passion-driven, evangelism and discipleship, and the impact of evangelism on the
"We are producing a generation of religious consumers who are always looking at
what the Lord can do for them, instead of committed disciples who ask what is it
that we can do for the Lord," Gordon said.
He attributed the continuous growth of his congregation and his understanding of
discipleship to a cycle of reaching, teaching, training and employing - a
cyclical view of the task of evangelism and discipleship.
"In order to make disciples ... we must capture the minds, hearts, trust and
respect of people," he said. "The task of evangelism and discipleship is to make
the liberating power of the gospel of Christ become real in word and deed."
Radical change needed
The time for an incremental quick fix has passed, Greenwaldt said. "We are
living in a world and in a church that need radical intervention. The status quo
will not overcome the inertia holding us in place."
She called on church leaders and members to return to the basic disciplines of
the Christian faith: prayer, Bible study, fasting, participating in worship and
the sacraments, doing good and doing no harm - the essential work of spiritual
"The church does not need more managers," she said. "Rather, the church needs
Instead of emphasizing what is wrong, the church's focus instead must be on
gifts and opportunities for ministry, she said. "We must throw away our belief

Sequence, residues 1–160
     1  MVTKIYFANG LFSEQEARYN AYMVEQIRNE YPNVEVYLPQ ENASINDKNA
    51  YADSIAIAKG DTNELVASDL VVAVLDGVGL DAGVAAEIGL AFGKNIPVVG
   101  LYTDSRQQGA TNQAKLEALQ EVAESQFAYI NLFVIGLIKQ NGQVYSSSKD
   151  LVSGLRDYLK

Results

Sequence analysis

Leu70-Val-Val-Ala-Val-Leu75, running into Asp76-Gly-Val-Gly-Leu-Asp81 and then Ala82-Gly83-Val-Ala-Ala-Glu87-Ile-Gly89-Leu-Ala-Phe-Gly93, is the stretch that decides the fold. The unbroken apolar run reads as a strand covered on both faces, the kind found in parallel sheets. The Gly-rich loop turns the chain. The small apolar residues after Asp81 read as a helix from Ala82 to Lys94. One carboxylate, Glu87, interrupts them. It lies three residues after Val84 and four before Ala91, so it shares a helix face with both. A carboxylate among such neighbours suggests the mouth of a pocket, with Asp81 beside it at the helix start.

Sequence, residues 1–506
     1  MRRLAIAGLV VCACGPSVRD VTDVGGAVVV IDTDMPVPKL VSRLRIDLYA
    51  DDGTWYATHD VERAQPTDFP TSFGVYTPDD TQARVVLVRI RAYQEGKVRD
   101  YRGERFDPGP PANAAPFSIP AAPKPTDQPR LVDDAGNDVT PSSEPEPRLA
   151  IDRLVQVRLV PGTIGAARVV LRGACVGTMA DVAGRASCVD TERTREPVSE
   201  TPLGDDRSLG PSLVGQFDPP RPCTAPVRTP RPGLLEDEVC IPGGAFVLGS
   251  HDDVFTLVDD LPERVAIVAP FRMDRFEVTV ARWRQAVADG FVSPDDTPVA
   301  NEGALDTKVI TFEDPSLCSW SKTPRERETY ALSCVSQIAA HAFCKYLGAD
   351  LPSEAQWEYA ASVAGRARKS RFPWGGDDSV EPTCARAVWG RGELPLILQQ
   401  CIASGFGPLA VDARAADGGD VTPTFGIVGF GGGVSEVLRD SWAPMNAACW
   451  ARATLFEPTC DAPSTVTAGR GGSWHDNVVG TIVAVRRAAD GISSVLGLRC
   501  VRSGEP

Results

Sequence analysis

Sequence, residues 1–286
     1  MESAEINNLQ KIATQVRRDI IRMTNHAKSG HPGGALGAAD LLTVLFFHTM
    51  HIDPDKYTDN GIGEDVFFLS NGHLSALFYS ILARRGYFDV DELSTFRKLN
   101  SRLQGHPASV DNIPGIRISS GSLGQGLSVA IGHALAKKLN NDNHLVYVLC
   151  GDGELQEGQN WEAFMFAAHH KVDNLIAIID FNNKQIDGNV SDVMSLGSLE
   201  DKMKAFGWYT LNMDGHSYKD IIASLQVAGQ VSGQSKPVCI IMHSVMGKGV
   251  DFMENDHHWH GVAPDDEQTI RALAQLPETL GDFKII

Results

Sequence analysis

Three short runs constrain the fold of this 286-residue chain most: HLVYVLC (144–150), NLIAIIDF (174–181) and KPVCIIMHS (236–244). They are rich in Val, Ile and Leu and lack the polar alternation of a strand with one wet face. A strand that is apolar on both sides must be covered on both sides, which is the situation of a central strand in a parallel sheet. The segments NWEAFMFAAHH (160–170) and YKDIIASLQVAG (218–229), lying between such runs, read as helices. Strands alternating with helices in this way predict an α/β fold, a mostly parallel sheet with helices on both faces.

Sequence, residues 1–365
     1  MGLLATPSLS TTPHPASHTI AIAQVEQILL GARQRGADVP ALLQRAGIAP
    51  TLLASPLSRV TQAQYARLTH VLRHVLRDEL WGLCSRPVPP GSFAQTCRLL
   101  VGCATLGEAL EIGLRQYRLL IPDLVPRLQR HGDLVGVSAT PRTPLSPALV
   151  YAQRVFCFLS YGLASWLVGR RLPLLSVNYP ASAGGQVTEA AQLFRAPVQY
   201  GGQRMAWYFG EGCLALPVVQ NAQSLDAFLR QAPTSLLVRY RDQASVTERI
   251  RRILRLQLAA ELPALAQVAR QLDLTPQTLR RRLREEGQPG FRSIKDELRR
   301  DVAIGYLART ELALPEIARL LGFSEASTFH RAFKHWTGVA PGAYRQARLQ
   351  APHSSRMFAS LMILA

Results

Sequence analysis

that command and control systems will change the church in order to impact the
world. Instead, we must learn our way into the future" and follow God's lead.
"Our task of making disciples for Jesus Christ for the transformation of the
world is not a small task," she said. "It is a worldwide task, and it is needing
Making disciples means helping people understand the basic patterns and
practices of the faith and using the formula found in Micah 6:8, she said. "We
must do justice. We must love kindness, and we must walk humbly with God. This
work of being a disciple and making a difference in the world is not our work,
it is God's work through us."
Laity Sunday themes
meeting, board members also:
- Participated in an interactive panel
discussion moderated by Bishop Charlene Kammerer on making disciples.
- Became familiar with the agency's new
strategic directions document.
- Called for staff to continue work on a new
agency logo and slogan and to pursue a single brand identity for all the
work and content of the Board of Discipleship.
- Approved themes for Laity Sunday for
2009-2012. The themes for "Disciples Transforming the World" will be Through
Prayers, 2009; Through Presence, 2010; Through Gifts, 2011; and Through
- Received an update on "The Seeker Study," a
joint project with United Methodist Communications, to better understand the
needs, preferences, motivations, attitudes and behaviors of spiritual
seekers in two age groupings - 21-40 and 41-60.
- Began compiling legislation for the 2008
General Conference in Fort Worth, Texas.
*Green is a United Methodist News Service news
writer based in Nashville, Tenn.
News media contact: Linda Green, (615) 742-5470 or